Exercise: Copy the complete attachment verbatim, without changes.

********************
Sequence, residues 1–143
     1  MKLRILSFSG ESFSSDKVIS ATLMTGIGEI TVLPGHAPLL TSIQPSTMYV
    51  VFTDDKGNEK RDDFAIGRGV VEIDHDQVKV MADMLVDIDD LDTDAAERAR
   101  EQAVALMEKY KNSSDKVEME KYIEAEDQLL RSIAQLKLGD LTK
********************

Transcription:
Sequence, residues 1–143
     1  MKLRILSFSG ESFSSDKVIS ATLMTGIGEI TVLPGHAPLL TSIQPSTMYV
    51  VFTDDKGNEK RDDFAIGRGV VEIDHDQVKV MADMLVDIDD LDTDAAERAR
   101  EQAVALMEKY KNSSDKVEME KYIEAEDQLL RSIAQLKLGD LTK